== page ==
Professional Pathways: What’s New at AHA18
Through its work, the AHA has learned that popular wisdom severely underestimates the value and versatility of a history degree. As the seat of the federal government, home to a battery of museums and archives, nonprofits, colleges and universities, and K–12 schools, the District of Columbia showcases many of the career paths open to historians. At the 2018 AHA annual meeting, we are taking full advantage of the diverse local community of historians to offer a slate of professional development activities that is bigger and more varied than ever. So big, in fact, that we’ve gathered them all into one enormous space: “Professional Pathways” (Marriott Wardman Park, Marriott Room, Salon 2). The space will host nonstop programming exploring the many careers of historians and helping graduate students and early career historians successfully navigate multiple job markets.
The space will have something for everyone. Curious about teaching in independent schools or what it’s like working as an assistant professor? Want to know how to get your foot in the door as a policy analyst or in a research library? Always wondered what a historian in the federal government or a program officer at a nonprofit organization actually does for a living? Come to the AHA’s Career Fair, sponsored by the AHA’s Career Diversity for Historians initiative.
Now in its fifth year, there is no better place than the Career Fair to quickly learn the landscape of historical careers and speak with dozens of successful history PhDs who have found fulfilling and interesting careers beyond the professoriate. In tandem with the Career Fair, we’ll be holding the always popular Ask an Assistant Professor, featuring early career professors offering insights about what the job looks like from the inside. (See this blog post by Jared Hardesty, who participated in the booth last year.) At the 2017 meeting in Denver, approximately three dozen advisers and well over 100 graduate students participated in the event.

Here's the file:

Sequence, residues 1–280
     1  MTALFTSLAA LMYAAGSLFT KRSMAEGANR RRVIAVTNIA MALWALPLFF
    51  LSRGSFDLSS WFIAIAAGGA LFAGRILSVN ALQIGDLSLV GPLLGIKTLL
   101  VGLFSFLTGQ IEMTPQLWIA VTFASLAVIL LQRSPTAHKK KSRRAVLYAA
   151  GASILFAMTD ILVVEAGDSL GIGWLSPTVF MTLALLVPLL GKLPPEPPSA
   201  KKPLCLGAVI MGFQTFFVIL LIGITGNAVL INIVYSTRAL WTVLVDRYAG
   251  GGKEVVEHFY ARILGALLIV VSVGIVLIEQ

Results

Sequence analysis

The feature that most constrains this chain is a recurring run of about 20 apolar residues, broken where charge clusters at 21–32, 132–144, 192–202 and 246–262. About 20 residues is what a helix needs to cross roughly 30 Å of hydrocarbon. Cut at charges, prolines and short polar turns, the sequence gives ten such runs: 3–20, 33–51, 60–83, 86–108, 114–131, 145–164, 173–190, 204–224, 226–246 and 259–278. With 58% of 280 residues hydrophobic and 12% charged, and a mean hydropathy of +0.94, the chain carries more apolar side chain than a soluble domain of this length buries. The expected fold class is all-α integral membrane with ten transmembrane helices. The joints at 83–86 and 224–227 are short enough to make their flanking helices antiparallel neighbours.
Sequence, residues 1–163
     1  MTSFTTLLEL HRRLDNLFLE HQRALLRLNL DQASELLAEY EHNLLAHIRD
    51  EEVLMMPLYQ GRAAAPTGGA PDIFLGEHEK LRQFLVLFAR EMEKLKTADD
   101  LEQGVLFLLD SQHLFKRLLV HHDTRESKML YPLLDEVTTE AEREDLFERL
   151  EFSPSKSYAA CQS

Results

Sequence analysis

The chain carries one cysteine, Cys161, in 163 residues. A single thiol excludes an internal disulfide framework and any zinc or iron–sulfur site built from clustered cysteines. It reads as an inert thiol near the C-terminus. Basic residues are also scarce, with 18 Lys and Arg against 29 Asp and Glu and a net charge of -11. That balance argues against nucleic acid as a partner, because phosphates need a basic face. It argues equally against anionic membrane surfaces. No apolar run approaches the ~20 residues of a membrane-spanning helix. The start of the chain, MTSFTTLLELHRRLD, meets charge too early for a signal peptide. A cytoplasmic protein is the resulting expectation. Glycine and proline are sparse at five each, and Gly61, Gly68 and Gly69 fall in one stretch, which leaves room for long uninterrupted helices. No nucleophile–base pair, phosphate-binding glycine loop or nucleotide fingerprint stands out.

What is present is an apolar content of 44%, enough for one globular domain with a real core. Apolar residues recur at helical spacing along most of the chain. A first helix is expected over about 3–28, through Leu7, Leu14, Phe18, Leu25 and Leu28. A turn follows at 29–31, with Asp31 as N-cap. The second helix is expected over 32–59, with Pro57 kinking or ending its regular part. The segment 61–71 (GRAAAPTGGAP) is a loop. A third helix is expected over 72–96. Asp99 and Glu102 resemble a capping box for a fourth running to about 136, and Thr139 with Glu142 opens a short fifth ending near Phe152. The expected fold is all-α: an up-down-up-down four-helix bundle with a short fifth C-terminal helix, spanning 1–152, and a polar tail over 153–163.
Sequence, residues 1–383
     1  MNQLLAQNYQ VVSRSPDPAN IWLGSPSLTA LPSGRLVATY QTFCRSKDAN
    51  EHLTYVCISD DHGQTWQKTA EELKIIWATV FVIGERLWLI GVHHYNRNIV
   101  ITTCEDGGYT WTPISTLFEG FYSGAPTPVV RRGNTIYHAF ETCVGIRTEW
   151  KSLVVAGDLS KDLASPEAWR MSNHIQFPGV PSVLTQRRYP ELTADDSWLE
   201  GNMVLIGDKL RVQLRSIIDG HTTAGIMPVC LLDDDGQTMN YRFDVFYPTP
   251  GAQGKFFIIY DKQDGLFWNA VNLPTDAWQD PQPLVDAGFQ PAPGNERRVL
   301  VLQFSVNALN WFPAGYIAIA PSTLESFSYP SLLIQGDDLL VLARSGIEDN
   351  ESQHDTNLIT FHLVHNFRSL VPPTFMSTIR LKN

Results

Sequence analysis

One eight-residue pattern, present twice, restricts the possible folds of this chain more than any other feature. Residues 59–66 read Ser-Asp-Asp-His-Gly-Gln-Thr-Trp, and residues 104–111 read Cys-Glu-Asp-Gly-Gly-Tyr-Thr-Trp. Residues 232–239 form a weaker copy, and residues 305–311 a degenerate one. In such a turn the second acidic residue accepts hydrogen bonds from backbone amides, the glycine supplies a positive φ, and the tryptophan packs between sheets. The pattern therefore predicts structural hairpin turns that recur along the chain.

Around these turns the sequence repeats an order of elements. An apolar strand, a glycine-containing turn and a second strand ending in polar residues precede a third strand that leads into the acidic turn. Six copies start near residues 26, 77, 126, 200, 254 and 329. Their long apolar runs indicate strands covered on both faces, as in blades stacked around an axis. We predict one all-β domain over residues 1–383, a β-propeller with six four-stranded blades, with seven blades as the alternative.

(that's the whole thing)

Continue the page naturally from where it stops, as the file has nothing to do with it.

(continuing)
Spending time in the Professional Pathways space is also a great way to learn about the range of careers open to historians and to hone the skills needed to pursue them. In addition to the Career Fair, Professional Pathways will feature sessions focused on historians in think tanks, in public history jobs, and in independent schools.
To help you move from interest to employment, we’ve loaded the Professional Pathways space with events designed to help you develop the skills that will get you there. Get the inside scoop on the federal hiring process from a federal hiring manager at Federal Jobs Revealed, learn how to develop a professional profile on LinkedIn, pick up tips on nonacademic job searches, and discover the skills in demand at tomorrow’s public history jobs. PhD candidates will have several opportunities to explore ImaginePhD, a new tool that helps graduate students discover careers that match their skills and interests. Finally, publishers and editors will share advice on turning your research into peer-reviewed scholarship. The annual meeting is also home to numerous panels and sessions devoted to the craft of teaching and disciplinary scholarship on teaching and learning.
The Professional Pathways space is an outgrowth of the AHA’s ongoing commitment to career diversity, working to better prepare graduate students and early career historians to succeed in a variety of careers within and beyond the academy. For a full guide to Professional Development and Career Diversity opportunities at AHA18, check out our web guide.
This post first appeared on AHA Today.
Please read our commenting and letters policy before submitting.